\begin{align} I(\alpha,\beta)&=\text{Re}\left(\int_0^\infty e^{-\alpha x^2}e^{i\beta x}\,dx\right)\\\\ &=\text{Re}\left(\int_0^\infty e^{-\alpha (x^2-i(\beta/\alpha) x)}\,dx\right)\tag 1 \\\\ &=e^{-\beta^2/4\alpha}\text{Re}\left(\int_0^\infty e^{-\alpha (x-i(\beta/2\alpha) )^2}\,dx\right)\tag 2\\\\ &=e^{-\beta^2/4\alpha}\text{Re}\left(\int_{-i(\beta/2\alpha)}^{\infty-i(\beta/2\alpha)} e^{-\alpha x^2}\,dx\right) \tag 3\\\\ &=e^{-\beta^2/4\alpha}\text{Re}\left(\int_0^\infty e^{-\alpha x^2}\,dx\right) \tag 4\\\\ &=\sqrt{\frac{\pi}{4\alpha}}e^{-\beta^2/4\alpha} \end{align}

NOTES:

In going from $(1)$ to $(2)$, we completed the square in the exponent.

In going from $(2)$ to $(3)$, we enforced the substitution $x\to x+i\beta/2\alpha$.

In going from $(3)$ to $(4)$, we exploited Cauchy's Integral Theorem to deform the contour back to the real line. The real part operation nullifies the contribution from the integral from $-i\beta/2\alpha$ to $0$.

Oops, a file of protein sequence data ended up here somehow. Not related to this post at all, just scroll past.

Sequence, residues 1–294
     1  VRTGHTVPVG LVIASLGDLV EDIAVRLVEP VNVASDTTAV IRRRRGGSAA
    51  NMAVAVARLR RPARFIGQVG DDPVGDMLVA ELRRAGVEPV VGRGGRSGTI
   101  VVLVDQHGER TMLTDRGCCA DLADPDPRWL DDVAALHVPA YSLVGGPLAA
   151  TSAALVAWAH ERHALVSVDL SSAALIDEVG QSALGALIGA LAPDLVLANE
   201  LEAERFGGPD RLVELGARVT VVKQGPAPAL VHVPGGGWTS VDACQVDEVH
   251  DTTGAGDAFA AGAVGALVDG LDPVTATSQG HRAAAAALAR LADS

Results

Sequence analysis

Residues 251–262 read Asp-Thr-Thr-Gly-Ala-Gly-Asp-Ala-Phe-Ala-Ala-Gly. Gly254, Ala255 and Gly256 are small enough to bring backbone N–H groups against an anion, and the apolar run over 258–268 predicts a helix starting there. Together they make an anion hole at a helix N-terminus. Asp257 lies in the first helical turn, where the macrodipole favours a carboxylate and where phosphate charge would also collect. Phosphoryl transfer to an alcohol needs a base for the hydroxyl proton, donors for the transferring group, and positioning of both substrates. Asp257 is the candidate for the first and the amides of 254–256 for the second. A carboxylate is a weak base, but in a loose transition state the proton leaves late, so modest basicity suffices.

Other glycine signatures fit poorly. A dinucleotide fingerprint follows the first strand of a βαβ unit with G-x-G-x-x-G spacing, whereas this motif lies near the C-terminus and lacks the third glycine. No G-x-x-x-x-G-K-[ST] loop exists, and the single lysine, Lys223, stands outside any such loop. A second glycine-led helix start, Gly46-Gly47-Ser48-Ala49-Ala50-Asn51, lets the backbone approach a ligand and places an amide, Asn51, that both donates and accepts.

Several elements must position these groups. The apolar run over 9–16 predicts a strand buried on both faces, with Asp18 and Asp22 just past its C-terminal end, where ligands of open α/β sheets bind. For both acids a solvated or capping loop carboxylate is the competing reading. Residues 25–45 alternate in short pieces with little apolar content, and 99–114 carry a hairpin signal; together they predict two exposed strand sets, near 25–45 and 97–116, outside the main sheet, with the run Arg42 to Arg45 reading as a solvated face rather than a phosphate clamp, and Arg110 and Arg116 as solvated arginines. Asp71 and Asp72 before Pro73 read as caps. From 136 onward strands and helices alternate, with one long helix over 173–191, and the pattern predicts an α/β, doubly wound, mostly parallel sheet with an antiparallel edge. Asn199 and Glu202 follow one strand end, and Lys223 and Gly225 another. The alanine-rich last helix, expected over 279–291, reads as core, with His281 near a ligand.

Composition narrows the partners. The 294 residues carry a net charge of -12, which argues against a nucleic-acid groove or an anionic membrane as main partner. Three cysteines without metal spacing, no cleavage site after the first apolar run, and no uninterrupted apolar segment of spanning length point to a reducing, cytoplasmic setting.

• But the Euler's formula, I know is $\cos(\beta x) = \frac{\exp(i\beta x)+\exp(-i\beta x)}{2}$. How come $\cos(\beta x)=\text{Re}(e^{i\beta x})$? – zhk Oct 22 '16 at 15:48
• @mmm Yes, you are correct. And $e^{i\beta x}=\cos(\beta x)+i\sin(\beta x)$ from which we find $\cos(\beta x)=\text{Re}(e^{i\beta x})$. – Mark Viola Oct 22 '16 at 15:52
• If I am correct the (3) to (4) is to use $\oint\limits_{C}f(z)\,\mathrm{d}z=\int_{R}f(z)dz$? – zhk Oct 22 '16 at 16:15
• The integrand is entire, so $\oint_C e^{-\alpha z^2}\,dz=0$. Thus, with $C$ the "rectangular" contour with vertices $0$, $\infty$, $\infty-i\beta/2\alpha$, and $-i\beta/2\alpha$, we have $$\int_{0}^\infty e^{-\alpha x^2}\,dx+\int_{\infty}^{\infty -i\beta/2\alpha}e^{-\alpha z^2}\,dz+\int_{\infty -i\beta/2\alpha}^{-i\beta/2\alpha}e^{-\alpha z^2}\,dz+\int_{-i\beta/2\alpha}^0 e^{-\alpha z^2}\,dz=0$$The second integral is zero since $e^{-t^2}\to 0$ as $t\to \infty$. The fourth integral is purely imaginary since $dz=idy$ and vanishes upon taking the real part. – Mark Viola Oct 22 '16 at 16:20